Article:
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The West African Monsoon Dynamics. Part III: The Quasi-Biweekly Zonal Dipole

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  • 1 LMD/IPSL, CNRS, Ecole Polytechnique, Palaiseau, France
  • | 2 LOCEAN/IPSL, IRD, Université Pierre et Marie Curie, Paris, France
  • | 3 Physical Sciences Division, NOAA/Earth System Research Laboratory, Boulder, Colorado
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Abstract

This paper presents an investigation of the mechanisms giving rise to the main intraseasonal mode of convection in the African monsoon during northern summer, here identified as the quasi-biweekly zonal dipole (QBZD). The QBZD is primarily characterized by a quasi-stationary zonal dipole of convection whose dimension is larger than the West African monsoon domain, with its two poles centered along the Guinean coast and between 30° and 60°W in the equatorial Atlantic. The QBZD dynamical processes within the Atlantic–Africa domain are examined in some detail. The QBZD has a dipole pattern associated with a Walker-type circulation in the near-equatorial zonal plane. It is controlled both by equatorial atmospheric dynamics through a Kelvin wave–like disturbance propagating eastward between its two poles and by land surface processes over Africa, inducing combined fluctuations in surface temperatures, surface pressure, and low-level zonal winds off the coast of West Africa. When convection is at a minimum over central and West Africa, a lack of cloud cover results in higher net shortwave flux at the surface, which increases surface temperatures and lowers surface pressures. This creates an east–west pressure gradient at the latitude of both the ITCZ (10°N) and the Saharan heat low (20°N), leading to an increase in eastward moisture advection inland. The arrival from the Atlantic of the positive pressure signal associated with a Kelvin wave pattern amplifies the low-level westerly wind component and the moisture advection inland, leading to an increase in convective activity over central and West Africa. Then the opposite phase of the dipole develops. Propagation of the QBZD convective envelope and of the associated 200 high-level velocity potential anomalies is detected from the eastern Pacific to the Indian Ocean. When the effect of the Kelvin wave propagation is removed by filtering, the stationary character of the QBZD is highlighted. The impact of the QBZD in combination with a Kelvin wave is illustrated by a case study of the monsoon onset in 1984.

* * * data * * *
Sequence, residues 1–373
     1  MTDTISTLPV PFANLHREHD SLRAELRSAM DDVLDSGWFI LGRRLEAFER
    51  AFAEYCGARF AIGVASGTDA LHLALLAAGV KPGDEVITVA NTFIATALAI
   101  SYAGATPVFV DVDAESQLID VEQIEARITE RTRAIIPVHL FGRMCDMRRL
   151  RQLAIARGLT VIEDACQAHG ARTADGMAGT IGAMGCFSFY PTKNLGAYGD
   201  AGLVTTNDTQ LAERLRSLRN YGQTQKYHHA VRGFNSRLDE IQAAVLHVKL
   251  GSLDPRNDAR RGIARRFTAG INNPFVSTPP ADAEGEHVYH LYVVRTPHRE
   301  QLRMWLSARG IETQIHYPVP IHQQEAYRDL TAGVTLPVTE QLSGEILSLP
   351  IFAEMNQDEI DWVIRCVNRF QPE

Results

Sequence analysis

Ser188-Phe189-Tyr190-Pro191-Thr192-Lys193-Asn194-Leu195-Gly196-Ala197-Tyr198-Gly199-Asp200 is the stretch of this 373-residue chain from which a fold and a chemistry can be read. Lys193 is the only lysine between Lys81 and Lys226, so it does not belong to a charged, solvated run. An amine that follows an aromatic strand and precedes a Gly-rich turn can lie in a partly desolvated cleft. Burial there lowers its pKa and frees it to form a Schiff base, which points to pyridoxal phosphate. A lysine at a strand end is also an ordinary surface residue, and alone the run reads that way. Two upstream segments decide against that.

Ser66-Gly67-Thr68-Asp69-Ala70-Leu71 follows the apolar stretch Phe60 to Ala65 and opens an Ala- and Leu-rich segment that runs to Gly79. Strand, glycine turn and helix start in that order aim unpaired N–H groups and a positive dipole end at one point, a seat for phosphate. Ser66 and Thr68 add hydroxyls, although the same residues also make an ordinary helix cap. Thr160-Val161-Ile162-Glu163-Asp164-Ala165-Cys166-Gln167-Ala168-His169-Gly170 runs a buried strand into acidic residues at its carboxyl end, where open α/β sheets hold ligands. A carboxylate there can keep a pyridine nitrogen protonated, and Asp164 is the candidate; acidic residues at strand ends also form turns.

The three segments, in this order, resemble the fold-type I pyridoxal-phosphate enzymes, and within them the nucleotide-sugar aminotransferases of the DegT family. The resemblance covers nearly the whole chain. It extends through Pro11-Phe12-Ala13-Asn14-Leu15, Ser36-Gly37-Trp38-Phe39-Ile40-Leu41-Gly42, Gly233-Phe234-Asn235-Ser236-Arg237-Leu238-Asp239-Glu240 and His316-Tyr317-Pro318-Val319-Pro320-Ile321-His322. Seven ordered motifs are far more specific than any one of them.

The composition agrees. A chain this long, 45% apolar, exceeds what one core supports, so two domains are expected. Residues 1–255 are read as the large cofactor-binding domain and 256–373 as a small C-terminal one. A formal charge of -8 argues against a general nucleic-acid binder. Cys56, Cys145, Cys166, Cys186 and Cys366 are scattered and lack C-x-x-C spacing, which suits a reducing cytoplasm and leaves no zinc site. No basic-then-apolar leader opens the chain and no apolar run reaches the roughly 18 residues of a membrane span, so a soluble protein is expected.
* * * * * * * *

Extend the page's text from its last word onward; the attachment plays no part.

Corresponding author address: Dr. Serge Janicot, LOCEAN/IPSL, Université Pierre et Marie Curie, Boite 100, 4 Place Jussieu, 75252 Paris CEDEX 05, France. Email: serge.janicot@locean-ipsl.upmc.fr

Abstract

This paper presents an investigation of the mechanisms giving rise to the main intraseasonal mode of convection in the African monsoon during northern summer, here identified as the quasi-biweekly zonal dipole (QBZD). The QBZD is primarily characterized by a quasi-stationary zonal dipole of convection whose dimension is larger than the West African monsoon domain, with its two poles centered along the Guinean coast and between 30° and 60°W in the equatorial Atlantic. The QBZD dynamical processes within the Atlantic–Africa domain are examined in some detail. The QBZD has a dipole pattern associated with a Walker-type circulation in the near-equatorial zonal plane. It is controlled both by equatorial atmospheric dynamics through a Kelvin wave–like disturbance propagating eastward between its two poles and by land surface processes over Africa, inducing combined fluctuations in surface temperatures, surface pressure, and low-level zonal winds off the coast of West Africa. When convection is at a minimum over central and West Africa, a lack of cloud cover results in higher net shortwave flux at the surface, which increases surface temperatures and lowers surface pressures. This creates an east–west pressure gradient at the latitude of both the ITCZ (10°N) and the Saharan heat low (20°N), leading to an increase in eastward moisture advection inland. The arrival from the Atlantic of the positive pressure signal associated with a Kelvin wave pattern amplifies the low-level westerly wind component and the moisture advection inland, leading to an increase in convective activity over central and West Africa. Then the opposite phase of the dipole develops. Propagation of the QBZD convective envelope and of the associated 200 high-level velocity potential anomalies is detected from the eastern Pacific to the Indian Ocean. When the effect of the Kelvin wave propagation is removed by filtering, the stationary character of the QBZD is highlighted. The impact of the QBZD in combination with a Kelvin wave is illustrated by a case study of the monsoon onset in 1984.

Corresponding author address: Dr. Serge Janicot, LOCEAN/IPSL, Université Pierre et Marie Curie, Boite 100, 4 Place Jussieu, 75252 Paris CEDEX 05, France. Email: serge.janicot@locean-ipsl.upmc.fr

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